Now it turns out that all the deaths that will result from these criminals on the streets were built on a false premise that prisons would be deaths traps, with the virus killing prisoners at a higher rate than the general population.
In the early spring, the ACLU warned that "detention centers would be petri dishes for the spread of COVID-19 — and a death trap for thousands of people in civil detention." But in reality, they indeed were good petri dishes to study what would happen if the virus actually spread to a fully confined population. And it turns out it's not the death trap the ACLU envisioned – not any worse than it is in the general population. Yes, the virus spreads far and wide in confined spaces, but as we've seen from the natural epidemiological case study of prisons, most people are asymptomatic and very few required hospitalization.
Last week, the Wall Street Journal reported that despite the widespread transmission of the virus in prisons, "the case-fatality ratio, or the percentage of coronavirus cases that are fatal, is lower among inmates than the broader population." According to their data, the case-fatality rate among inmates was about 0.7%, one-third that of the general population (2.1%).
Now, obviously, the true fatality rate is likely not that much better in prison, because case fatality rates only measure the deaths against the known cases. In jails and prisons, a much larger percentage of the true infections have been confirmed through mass testing than among the general public. But it still appears, based on overall deaths per 100,000, that the fatality rate among the incarcerated population is at least somewhat lower than the general population.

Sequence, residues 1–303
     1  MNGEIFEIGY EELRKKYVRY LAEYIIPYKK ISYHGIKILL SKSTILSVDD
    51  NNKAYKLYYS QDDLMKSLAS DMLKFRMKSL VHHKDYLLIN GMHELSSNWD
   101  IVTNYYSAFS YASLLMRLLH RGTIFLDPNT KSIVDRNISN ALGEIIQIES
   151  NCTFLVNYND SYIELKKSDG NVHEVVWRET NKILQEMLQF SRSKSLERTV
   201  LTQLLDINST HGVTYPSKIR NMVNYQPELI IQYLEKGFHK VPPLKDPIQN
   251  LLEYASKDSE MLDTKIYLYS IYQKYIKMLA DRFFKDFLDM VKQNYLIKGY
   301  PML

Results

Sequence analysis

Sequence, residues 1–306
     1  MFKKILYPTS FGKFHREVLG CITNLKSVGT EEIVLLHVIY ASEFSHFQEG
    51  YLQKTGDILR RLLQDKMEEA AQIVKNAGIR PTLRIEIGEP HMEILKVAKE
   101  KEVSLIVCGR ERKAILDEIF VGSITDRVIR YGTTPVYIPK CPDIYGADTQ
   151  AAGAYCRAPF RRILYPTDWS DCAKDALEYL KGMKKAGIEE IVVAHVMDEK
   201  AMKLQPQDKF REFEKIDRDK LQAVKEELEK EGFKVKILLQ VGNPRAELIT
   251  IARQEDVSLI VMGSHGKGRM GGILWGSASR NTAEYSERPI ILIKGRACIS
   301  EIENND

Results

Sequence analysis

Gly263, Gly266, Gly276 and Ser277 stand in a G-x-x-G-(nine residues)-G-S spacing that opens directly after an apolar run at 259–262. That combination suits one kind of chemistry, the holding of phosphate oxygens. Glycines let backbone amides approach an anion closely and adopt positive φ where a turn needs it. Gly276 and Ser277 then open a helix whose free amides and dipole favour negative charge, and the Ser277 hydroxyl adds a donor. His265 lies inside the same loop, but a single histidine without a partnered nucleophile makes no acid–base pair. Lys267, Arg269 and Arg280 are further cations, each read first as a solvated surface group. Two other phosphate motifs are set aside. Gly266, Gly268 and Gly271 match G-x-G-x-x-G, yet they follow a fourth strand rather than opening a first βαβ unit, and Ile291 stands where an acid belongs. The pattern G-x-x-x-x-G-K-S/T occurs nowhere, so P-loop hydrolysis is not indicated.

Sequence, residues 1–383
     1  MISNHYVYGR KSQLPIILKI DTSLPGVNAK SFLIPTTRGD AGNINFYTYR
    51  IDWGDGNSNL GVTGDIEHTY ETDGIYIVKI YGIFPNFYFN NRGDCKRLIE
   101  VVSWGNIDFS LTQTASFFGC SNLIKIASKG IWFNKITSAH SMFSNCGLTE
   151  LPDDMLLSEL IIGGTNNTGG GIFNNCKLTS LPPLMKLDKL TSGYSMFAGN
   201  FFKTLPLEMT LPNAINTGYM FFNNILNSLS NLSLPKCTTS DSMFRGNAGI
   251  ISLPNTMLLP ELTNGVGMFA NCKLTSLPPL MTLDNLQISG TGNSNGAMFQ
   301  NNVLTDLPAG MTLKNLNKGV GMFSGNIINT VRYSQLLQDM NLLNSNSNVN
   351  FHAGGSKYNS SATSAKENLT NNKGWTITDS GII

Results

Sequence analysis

There are roughly 2.2 million incarcerated individuals in the country, and as of Dec. 1, according to the UCLA tracking project, there were 1,449 COVID deaths among inmates. That is a death rate of 65.9 per 100,000. At 269K COVID deaths in the general population, that would be 81 deaths per capita.
While it is true that prisoners are a younger population, they also have a lot of underlying conditions. Plus, the population is disproportionately black and Hispanic. According to the CDC, the COVID-19 death rate among black and Hispanic people is three times higher than among white people. If the premise of those pushing for corona jailbreak were correct, we'd be seeing a bloodbath in prisons relative to the population. That is simply not playing out.
Thus, the same overstating of the severity of the virus, along with overstating our ability to stop the spread, that has spawned the criminalization of human living has also wrongly enabled the release of thousands of dangerous criminals. We are the criminals, and the criminals are the victims.
After all, the only crime that is considered serious by our governing elites is not wearing a mask. And given that most violent criminals seem to be wearing masks, there is nothing to see here.
Editor's note: An earlier version of this article described the NCCCJ report as spanning January 2017-October 2020. The correct span is January 2020-October 2020. The article has been corrected.